But, it was a “necessary thing,” Carr said. If the Nazis had stayed in power, Carr said he’d “hate to know what could have happened.”
Just 11 days after landing in Normandy, Carr was shot in the neck.
After being sent to the hospital and healing, he returned to his company and late in July. Then, he was shot for a second time in the shoulder.
The Springfield resident received two purple hearts for his injuries in the line of duty. He was awarded the Combat Infantry Badge and the Presidential Citation Medal.
“I thought my whole jaw was gone,” Carr said about the first time he was shot. “The way it was bleeding, I thought: my blood is going to run out real quick…It was a rude awakening.”
James H. “Pee Wee” Martin
Martin, 98, joined the 506th Parachute Infantry Regiment at Camp Toccoa, Ga., in July 1942. He parachuted into Normandy near Saint-Come-du-Mont behind Utah Beach at 12:30 a.m. on D-Day.
“Everybody was all gung-ho, we’re going to kill all the damn Germans. Of course we had never been any place. We had no frame of reference,” Martin said. “People said: ‘Were you afraid?’ We were too stupid to be afraid.”
Martin earned the nickname “Pee Wee” by being the lightest paratrooper in his regiment.
After landing in France, his mission was to delay Nazis from responding to the invasion on the coast and to disrupt communications. Martin fought in the Normandy campaign for 33 days until the 101st Airborne was relieved in July, allowing him to return to England.
He later fought in the Battle of the Bulge, and received a Bronze Star, Purple Heart, and European African Middle Eastern Service Medal for his service.
Despite his awards, Martin of Greene County said it wasn’t a sacrifice but a privilege to have had the chance to serve in World War II. He insists he is not a hero.
“That word is terribly overused. When you volunteer for something dangerous, you train for it and you get paid for it. You’re not a hero… Would I do it again? In a heartbeat.”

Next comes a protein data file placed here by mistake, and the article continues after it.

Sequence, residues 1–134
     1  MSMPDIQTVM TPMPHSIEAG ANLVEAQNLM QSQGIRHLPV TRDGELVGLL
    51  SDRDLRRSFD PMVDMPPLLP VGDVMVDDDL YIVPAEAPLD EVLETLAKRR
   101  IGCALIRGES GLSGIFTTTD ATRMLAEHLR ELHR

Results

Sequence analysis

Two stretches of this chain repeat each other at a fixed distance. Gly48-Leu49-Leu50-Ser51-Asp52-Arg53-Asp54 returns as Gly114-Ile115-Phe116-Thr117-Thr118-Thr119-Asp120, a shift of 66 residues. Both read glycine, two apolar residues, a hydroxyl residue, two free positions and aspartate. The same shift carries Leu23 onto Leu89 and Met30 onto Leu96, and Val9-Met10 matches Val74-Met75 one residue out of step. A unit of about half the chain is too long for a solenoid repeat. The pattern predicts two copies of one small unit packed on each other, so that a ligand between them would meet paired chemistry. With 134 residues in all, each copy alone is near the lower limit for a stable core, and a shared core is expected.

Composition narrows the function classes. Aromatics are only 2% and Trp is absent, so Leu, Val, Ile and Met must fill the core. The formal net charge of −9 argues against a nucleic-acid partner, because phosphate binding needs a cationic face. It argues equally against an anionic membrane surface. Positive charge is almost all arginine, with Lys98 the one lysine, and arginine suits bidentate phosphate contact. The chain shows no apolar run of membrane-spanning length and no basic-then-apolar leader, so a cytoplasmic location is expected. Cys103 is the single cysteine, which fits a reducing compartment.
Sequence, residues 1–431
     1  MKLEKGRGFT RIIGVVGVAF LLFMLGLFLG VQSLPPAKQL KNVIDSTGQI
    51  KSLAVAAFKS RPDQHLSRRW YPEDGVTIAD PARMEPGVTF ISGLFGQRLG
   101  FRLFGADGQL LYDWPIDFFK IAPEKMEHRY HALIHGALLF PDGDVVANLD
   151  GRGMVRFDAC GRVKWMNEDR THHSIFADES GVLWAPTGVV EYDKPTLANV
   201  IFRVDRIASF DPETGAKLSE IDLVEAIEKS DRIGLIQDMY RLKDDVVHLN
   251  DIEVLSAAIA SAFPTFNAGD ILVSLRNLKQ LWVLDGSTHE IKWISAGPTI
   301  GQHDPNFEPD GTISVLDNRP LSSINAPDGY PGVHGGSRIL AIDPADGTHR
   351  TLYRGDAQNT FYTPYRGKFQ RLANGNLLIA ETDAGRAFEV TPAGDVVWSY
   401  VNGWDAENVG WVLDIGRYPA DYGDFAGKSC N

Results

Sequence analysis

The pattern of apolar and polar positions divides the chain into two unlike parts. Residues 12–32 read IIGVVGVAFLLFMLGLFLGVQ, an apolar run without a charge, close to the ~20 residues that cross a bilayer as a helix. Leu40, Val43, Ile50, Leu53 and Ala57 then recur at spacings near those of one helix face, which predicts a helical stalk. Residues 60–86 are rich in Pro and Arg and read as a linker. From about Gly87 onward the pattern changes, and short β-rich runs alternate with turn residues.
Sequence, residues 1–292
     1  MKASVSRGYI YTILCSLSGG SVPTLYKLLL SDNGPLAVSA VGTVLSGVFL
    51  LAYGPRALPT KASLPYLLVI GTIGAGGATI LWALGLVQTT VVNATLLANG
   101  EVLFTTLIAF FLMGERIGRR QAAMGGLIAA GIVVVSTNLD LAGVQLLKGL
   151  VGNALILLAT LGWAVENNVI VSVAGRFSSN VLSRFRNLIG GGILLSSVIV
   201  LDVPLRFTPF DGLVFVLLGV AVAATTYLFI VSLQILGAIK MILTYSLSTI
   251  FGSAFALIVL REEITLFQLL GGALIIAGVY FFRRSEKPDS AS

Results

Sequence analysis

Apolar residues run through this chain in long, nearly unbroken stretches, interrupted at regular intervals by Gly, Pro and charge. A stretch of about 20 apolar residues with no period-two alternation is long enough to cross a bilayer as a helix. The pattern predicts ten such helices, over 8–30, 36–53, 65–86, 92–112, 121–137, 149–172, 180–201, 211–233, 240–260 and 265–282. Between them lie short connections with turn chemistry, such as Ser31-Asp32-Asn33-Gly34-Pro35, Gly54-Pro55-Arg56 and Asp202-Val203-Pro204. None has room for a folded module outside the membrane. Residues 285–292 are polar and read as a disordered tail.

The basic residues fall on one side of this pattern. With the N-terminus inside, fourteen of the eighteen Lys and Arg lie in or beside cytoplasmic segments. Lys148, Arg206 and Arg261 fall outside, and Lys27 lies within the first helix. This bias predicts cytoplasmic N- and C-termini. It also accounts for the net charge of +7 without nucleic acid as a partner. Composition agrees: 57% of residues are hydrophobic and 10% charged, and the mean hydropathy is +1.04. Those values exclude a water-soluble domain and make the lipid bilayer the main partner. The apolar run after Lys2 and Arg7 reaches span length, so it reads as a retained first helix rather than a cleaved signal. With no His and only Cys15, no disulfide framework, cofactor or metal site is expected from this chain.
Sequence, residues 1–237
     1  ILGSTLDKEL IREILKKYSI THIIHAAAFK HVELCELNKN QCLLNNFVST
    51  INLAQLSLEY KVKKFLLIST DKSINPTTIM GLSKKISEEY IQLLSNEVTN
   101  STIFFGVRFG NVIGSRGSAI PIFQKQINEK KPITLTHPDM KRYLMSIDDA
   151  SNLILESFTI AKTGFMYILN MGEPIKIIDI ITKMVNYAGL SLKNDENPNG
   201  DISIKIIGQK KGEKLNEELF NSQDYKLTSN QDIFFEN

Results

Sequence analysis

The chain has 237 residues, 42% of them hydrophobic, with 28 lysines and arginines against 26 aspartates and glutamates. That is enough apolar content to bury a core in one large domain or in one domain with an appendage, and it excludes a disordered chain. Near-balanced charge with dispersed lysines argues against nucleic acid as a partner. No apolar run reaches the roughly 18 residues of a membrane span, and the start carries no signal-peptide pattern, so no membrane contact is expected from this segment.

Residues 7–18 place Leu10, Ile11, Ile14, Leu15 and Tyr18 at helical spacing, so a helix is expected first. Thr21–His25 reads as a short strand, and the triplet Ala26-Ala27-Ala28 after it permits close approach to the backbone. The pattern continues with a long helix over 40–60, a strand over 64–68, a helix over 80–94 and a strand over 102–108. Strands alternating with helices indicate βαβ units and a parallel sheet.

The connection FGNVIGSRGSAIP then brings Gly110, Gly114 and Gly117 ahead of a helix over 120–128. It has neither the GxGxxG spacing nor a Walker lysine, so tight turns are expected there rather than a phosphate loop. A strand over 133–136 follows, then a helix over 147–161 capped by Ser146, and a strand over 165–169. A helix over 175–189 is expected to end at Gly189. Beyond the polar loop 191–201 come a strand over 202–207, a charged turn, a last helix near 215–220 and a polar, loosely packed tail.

When he landed on the beaches of Normandy in the early morning of June 6, 1944, Adkins drove his truck ashore across a temporary bridge between his ship and land.
“When I landed on Utah Beach about 3 a.m. of course the truck bogged down in the sand,” Adkins of Wilmington said. “That kind of worried me.”
Loaded with ammunition and machine guns, his truck was a target for German snipers. He not only carried critical supplies to the front, but transported wounded soldiers and enemy prisoners with him on his return trips.
As he drove onto the beach that day, Adkins said he wasn’t scared or nervous because “he didn’t know what was going on, hardly.”
Adkins received a Bronze Star for his actions. On April 6, he received the French Legion of Honor, a recognition established by Napoleon Bonaparte in 1802 that is awarded to foreign nationals who served France.
While Adkins, 97, was serving in World War II, his oldest son was born. He desperately wanted to get home to his family.
But, despite all the hardship that came with serving during the invasion and the months afterward, he said he would do it all over again if his country needed him to.
“That was kind of rough going, it was for me,” Adkins said. “I’ll never forget that.”